Eugenie: I think that's really beneficial. My mishap, or financial hiccup, it's when I had the 95 I was completely fine, and then when I did my business I was the knucklehead who didn't pay myself first. People would tell me go out there and live your dream, then I was hanging out with all these entrepreneurs and forgot the logical side of my brain. I was spending all of this ridiculous money. I lived in Austin for a bit and it’s like, I love tacos but I know how to make my own tacos. How come California this is ridiculous. But I was out there buying all these tacos and didn't realize how important it was to pay myself first. I think the two books that were beneficial were by Ramit Sethi called I will Teach You to be Rich which is like the young folks version, and then The Automatic Millionaire by David Bach. Once I read those, they were very life-changing for me.
Carla: Very beneficial books. For business professionals, I always recommend Profit First by Mike Michalowicz, because they talk about the structure and how you break it down, to make sure you're paying yourself and prioritizing making profit above everything else. I think that’s super important to make sure you have a profitable business.
Often times, financial planning is kind of like an aftermath for once we run out of money. We're spending so much out of our personal money to fund our dream or business and then we think “Wait, I should be making money on this. How do I do that?” That's where some people get into trouble. I always like to encourage everyone to set up a free consultation with me. I'm happy to walk you through the things we can accomplish together to make sure we turn around the equation and have profit first instead of profit last if there's anything left. Because that doesn't help anyone. I started my business with $0. I do financial consulting and virtual CFO services, so there’s no overhead for me. But every time there's an expense that comes through that I could potentially take on my business. Is it a fixed expense or a variable expense? Fixed, meaning I will keep it even if I don't make any money this month and I have to pay it out of something because it’s not going to go away. Variable is going to scale with my Revenue up and down. Meaning if I make more money the more, the expense will be more or the less I make the less of the expense will be. I take that into consideration because I try to keep my fixed expenses very low, if any at all. Then when I make money, I start investing back into my business to buy courses, to go to conferences, but not until I have the money first. I don't want to start in debt, I don't want to start in the negative as much as possible. I know there's businesses out there who have inventory and stuff so they're going to have expenses, but try to turn that around as quickly as possible.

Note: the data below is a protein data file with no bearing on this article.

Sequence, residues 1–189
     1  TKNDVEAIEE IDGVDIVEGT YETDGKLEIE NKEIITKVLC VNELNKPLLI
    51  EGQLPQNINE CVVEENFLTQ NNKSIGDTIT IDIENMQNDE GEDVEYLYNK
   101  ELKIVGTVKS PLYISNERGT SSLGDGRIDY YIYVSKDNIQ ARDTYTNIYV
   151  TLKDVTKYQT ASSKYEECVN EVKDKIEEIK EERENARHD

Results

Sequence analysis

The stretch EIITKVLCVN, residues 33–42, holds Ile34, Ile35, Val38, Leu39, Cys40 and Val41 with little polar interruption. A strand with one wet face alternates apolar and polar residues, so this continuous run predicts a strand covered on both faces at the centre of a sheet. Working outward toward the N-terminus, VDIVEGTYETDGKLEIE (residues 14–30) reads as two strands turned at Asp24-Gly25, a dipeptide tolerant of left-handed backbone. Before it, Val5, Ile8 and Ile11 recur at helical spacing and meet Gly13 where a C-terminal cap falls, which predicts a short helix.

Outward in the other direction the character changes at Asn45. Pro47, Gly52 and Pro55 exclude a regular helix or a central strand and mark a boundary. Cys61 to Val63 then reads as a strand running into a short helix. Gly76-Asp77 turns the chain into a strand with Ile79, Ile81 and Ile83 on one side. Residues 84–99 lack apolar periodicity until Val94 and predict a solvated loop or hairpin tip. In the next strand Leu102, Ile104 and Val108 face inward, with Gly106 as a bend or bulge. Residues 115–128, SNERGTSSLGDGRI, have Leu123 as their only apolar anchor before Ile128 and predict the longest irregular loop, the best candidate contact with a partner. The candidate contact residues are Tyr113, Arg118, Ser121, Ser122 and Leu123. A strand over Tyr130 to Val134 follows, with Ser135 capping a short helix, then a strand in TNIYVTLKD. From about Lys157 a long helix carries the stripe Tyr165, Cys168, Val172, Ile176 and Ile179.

Eugenie: That makes a lot of sense. The goal would be, and I just want to make sure I'm paraphrasing this correctly, to look at fixed expenses and say “Okay, my fixed expense has to get paid and that's monthly, or my phone bill which is part of my business has to get paid and that is non-negotiable because it helps my business keeps flowing. However, the marketing is the variable expense.”
Carla: Yes, because you can control that expense.
Eugenie: So, for example, in the beginning I'm out here typing up my own Instagram posts, but once I make my goal, I can pay someone to do it.
Carla: Absolutely, you can always choose to take on more expenses as your business grows. But at first you just want to scrutinize to make sure expenses like zoom or your phone that will be there whether you make money or not will stay low, so you're not in the red every single month after you start.